At this birthday I forced myself to watch: I stuck around for white cake with blue icing from people I’d never met. Ugly cake, powder blue like her car, her sweaters, her backpack, thermos – her signature color, that plastic glowing blue you see in skating costumes that brought out her red hair. Her acquaintances were total strangers to me, her close but sometimes friend of thirteen years, and worse than that, all either half-blind, excruciatingly friendly, loud talkers, or sending odd silences out into the garden, not answering one another. This was just about the same demographic spread you’d find at the liberal neighborhood’s post office. Franny inspired people to cater to her and admire her and take her to the hospital for hemo-dialysis when she was passed out somewhere. She dropped back in her seat after a while, a navy cardigan pulled to her knees, and the sleeves midway down to her knuckles. Her hair was so thin and dyed blonde, but coming out an indeterminate fish-wire color, and the circles under her eyes, the papery hang of her skin across her cheekbones, the way her head bent forward no matter how she stood all amazed me. She fell asleep in her chair, and all the birthday partiers quietly ate cake, swatted mosquitoes on their necks and looked at her, then each other. I couldn’t look at them. Someone quietly asked me which birthday this was. She was thirty-seven, and everyone sucked in their breath when I mouthed her age. She was born with her kidney disease. She looked about fifty.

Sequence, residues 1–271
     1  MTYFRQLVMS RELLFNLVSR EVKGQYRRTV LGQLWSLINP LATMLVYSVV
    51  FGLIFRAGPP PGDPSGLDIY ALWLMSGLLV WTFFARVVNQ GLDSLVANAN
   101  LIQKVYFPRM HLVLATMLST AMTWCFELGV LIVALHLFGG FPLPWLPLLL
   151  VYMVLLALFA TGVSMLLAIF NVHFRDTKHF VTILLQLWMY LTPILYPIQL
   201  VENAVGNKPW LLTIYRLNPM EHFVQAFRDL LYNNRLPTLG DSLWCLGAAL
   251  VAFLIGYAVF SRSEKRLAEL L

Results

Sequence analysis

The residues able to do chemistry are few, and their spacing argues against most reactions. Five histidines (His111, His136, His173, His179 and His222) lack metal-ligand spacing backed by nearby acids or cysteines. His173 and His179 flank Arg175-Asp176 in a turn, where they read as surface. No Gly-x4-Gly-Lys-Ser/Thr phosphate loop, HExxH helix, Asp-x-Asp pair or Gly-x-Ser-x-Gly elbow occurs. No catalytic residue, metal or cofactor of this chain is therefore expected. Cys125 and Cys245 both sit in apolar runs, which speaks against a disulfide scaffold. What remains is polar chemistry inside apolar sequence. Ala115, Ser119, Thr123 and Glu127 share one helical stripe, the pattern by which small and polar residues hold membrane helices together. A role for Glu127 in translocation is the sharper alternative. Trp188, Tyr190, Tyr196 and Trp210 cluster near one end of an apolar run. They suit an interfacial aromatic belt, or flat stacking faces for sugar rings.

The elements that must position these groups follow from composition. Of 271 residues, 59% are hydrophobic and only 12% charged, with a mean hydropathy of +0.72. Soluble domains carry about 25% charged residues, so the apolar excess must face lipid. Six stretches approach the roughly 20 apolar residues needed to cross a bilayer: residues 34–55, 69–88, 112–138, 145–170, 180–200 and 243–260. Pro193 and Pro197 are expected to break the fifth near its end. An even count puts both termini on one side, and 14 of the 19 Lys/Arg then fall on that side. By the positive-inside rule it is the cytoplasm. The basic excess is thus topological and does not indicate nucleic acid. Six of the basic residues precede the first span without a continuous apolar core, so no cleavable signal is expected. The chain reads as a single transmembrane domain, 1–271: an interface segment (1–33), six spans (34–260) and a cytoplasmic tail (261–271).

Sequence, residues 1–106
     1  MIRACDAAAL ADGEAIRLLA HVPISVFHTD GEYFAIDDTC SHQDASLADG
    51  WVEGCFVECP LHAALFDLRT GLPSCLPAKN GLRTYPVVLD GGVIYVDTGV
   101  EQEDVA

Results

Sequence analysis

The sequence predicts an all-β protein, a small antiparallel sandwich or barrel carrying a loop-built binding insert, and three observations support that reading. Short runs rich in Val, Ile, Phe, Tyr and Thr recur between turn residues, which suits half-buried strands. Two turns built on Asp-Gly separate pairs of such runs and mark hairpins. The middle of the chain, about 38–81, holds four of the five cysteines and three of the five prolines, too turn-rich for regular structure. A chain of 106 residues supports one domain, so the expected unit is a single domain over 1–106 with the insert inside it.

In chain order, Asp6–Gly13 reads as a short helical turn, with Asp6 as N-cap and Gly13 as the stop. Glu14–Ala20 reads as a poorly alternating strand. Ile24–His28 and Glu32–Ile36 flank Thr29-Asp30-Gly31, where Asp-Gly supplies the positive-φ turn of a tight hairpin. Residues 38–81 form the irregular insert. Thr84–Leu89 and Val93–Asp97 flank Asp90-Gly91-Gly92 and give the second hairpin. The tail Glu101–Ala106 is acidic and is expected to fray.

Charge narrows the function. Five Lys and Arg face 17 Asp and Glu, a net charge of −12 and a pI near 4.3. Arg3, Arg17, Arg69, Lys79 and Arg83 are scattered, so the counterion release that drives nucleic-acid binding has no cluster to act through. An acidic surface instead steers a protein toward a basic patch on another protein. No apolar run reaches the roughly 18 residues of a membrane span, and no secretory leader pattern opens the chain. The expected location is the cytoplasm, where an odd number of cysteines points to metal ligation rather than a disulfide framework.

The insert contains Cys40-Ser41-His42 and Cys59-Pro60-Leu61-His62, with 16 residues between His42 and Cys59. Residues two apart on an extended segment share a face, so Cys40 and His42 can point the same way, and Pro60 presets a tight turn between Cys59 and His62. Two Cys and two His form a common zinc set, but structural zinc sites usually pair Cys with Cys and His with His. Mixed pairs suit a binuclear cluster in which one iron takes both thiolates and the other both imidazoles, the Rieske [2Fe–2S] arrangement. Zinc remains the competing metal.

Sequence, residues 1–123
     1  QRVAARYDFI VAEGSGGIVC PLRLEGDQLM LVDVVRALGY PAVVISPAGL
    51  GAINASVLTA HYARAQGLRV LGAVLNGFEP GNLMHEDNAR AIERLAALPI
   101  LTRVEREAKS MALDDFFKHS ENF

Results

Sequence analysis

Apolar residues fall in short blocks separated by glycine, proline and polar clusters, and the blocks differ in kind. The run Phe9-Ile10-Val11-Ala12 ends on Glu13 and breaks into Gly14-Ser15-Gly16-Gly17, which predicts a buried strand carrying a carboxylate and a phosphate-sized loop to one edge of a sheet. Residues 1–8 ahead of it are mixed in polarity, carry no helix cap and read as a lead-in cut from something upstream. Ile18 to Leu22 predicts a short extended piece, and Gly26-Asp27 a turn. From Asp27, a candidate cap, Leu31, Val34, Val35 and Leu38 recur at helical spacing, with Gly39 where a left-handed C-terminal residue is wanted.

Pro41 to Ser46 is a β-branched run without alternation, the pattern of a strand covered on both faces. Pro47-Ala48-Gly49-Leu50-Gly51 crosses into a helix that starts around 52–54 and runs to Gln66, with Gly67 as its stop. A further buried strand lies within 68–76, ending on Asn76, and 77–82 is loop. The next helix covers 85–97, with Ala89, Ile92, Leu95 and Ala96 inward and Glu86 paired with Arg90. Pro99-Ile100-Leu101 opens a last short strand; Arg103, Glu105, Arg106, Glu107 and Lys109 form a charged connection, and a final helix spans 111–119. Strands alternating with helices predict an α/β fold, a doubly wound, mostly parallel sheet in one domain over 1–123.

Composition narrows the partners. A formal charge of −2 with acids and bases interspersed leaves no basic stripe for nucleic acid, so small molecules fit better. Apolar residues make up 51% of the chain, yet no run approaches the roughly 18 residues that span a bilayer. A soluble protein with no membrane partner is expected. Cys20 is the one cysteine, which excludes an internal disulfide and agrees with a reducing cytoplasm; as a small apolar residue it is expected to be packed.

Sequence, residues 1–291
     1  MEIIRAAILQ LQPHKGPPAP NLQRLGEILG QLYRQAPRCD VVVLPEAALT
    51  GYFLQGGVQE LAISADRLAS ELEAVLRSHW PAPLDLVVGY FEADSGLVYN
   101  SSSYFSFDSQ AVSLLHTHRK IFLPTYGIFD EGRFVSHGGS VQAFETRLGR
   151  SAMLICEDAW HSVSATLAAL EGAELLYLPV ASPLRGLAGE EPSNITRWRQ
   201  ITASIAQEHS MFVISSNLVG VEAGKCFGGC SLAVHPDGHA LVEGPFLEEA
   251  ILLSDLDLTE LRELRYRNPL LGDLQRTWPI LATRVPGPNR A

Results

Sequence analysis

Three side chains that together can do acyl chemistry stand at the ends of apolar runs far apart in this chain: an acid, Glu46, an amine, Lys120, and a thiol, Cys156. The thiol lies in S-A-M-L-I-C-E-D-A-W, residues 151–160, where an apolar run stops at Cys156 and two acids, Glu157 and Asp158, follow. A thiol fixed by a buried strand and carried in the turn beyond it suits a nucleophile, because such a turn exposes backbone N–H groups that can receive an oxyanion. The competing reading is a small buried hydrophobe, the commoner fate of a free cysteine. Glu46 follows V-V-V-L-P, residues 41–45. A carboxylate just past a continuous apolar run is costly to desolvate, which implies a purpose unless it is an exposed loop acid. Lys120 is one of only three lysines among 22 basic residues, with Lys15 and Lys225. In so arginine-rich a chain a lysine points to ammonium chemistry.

About a month earlier, I had sat straight up in my pitch-black bedroom, and I can clearly recall the calm split second before my heart started pounding at the phone ringing outrageous and twice as loud in the dark. I felt for the edge of the blankets to throw back before the light came on at the bedside table. I walked out to the hall and picked up the phone. The cradle slid off the table because of the too-short cord I normally held down, and it crashed against the file cabinet. “Hello?”

“Ms. Court?” said a man’s voice.

I looked at the clock. 2:54. In the morning.

“Yes?”